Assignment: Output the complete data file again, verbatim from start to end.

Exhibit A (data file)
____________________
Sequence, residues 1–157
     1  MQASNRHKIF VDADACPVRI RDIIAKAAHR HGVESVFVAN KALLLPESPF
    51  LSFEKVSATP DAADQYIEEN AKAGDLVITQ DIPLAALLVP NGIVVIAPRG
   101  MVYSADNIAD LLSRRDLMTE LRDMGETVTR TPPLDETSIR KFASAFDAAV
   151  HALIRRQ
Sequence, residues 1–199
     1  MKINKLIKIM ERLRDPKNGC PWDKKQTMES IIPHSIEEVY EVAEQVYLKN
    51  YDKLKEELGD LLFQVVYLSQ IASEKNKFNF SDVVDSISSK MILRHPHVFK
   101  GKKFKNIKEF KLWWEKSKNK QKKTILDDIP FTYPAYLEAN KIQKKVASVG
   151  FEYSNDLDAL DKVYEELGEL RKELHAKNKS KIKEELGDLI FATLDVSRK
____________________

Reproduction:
Sequence, residues 1–157
     1  MQASNRHKIF VDADACPVRI RDIIAKAAHR HGVESVFVAN KALLLPESPF
    51  LSFEKVSATP DAADQYIEEN AKAGDLVITQ DIPLAALLVP NGIVVIAPRG
   101  MVYSADNIAD LLSRRDLMTE LRDMGETVTR TPPLDETSIR KFASAFDAAV
   151  HALIRRQ
Sequence, residues 1–199
     1  MKINKLIKIM ERLRDPKNGC PWDKKQTMES IIPHSIEEVY EVAEQVYLKN
    51  YDKLKEELGD LLFQVVYLSQ IASEKNKFNF SDVVDSISSK MILRHPHVFK
   101  GKKFKNIKEF KLWWEKSKNK QKKTILDDIP FTYPAYLEAN KIQKKVASVG
   151  FEYSNDLDAL DKVYEELGEL RKELHAKNKS KIKEELGDLI FATLDVSRK